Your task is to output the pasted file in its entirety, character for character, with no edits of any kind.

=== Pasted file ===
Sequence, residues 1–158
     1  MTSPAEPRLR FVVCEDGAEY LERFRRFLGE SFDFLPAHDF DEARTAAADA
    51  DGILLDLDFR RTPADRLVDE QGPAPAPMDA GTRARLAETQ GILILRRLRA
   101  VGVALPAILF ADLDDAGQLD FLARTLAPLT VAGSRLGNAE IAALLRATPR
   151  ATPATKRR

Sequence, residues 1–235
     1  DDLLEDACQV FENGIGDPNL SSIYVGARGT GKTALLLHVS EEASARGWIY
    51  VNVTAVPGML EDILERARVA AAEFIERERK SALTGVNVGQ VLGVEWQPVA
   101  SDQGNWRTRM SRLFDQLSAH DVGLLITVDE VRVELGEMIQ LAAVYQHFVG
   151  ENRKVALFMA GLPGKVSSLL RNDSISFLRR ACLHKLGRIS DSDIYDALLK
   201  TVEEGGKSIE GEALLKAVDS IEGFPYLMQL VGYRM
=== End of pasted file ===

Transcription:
Sequence, residues 1–158
     1  MTSPAEPRLR FVVCEDGAEY LERFRRFLGE SFDFLPAHDF DEARTAAADA
    51  DGILLDLDFR RTPADRLVDE QGPAPAPMDA GTRARLAETQ GILILRRLRA
   101  VGVALPAILF ADLDDAGQLD FLARTLAPLT VAGSRLGNAE IAALLRATPR
   151  ATPATKRR

Sequence, residues 1–235
     1  DDLLEDACQV FENGIGDPNL SSIYVGARGT GKTALLLHVS EEASARGWIY
    51  VNVTAVPGML EDILERARVA AAEFIERERK SALTGVNVGQ VLGVEWQPVA
   101  SDQGNWRTRM SRLFDQLSAH DVGLLITVDE VRVELGEMIQ LAAVYQHFVG
   151  ENRKVALFMA GLPGKVSSLL RNDSISFLRR ACLHKLGRIS DSDIYDALLK
   201  TVEEGGKSIE GEALLKAVDS IEGFPYLMQL VGYRM